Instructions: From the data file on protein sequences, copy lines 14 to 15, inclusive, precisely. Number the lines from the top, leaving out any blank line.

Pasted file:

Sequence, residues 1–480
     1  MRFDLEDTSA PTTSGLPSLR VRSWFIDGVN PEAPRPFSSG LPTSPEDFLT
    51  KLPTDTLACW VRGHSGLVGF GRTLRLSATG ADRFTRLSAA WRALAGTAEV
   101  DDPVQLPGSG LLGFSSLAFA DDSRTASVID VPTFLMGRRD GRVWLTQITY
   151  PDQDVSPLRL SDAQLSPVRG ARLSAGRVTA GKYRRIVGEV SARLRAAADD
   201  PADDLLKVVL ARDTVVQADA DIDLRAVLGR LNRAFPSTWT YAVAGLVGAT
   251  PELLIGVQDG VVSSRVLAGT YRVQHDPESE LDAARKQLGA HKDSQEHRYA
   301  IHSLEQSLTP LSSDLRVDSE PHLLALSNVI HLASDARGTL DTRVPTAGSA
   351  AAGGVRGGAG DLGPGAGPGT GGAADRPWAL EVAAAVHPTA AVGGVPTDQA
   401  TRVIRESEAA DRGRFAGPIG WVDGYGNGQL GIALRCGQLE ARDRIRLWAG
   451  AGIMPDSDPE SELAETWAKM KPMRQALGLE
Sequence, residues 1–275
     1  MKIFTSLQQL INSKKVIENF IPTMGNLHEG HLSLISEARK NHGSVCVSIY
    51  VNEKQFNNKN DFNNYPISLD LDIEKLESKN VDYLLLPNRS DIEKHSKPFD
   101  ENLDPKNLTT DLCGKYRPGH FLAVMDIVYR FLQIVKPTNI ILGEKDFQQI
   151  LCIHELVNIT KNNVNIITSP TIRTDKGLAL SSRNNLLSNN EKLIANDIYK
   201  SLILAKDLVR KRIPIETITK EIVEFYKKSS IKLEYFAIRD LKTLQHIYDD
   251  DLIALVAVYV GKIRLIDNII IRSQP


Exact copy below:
    51  VNEKQFNNKN DFNNYPISLD LDIEKLESKN VDYLLLPNRS DIEKHSKPFD
   101  ENLDPKNLTT DLCGKYRPGH FLAVMDIVYR FLQIVKPTNI ILGEKDFQQI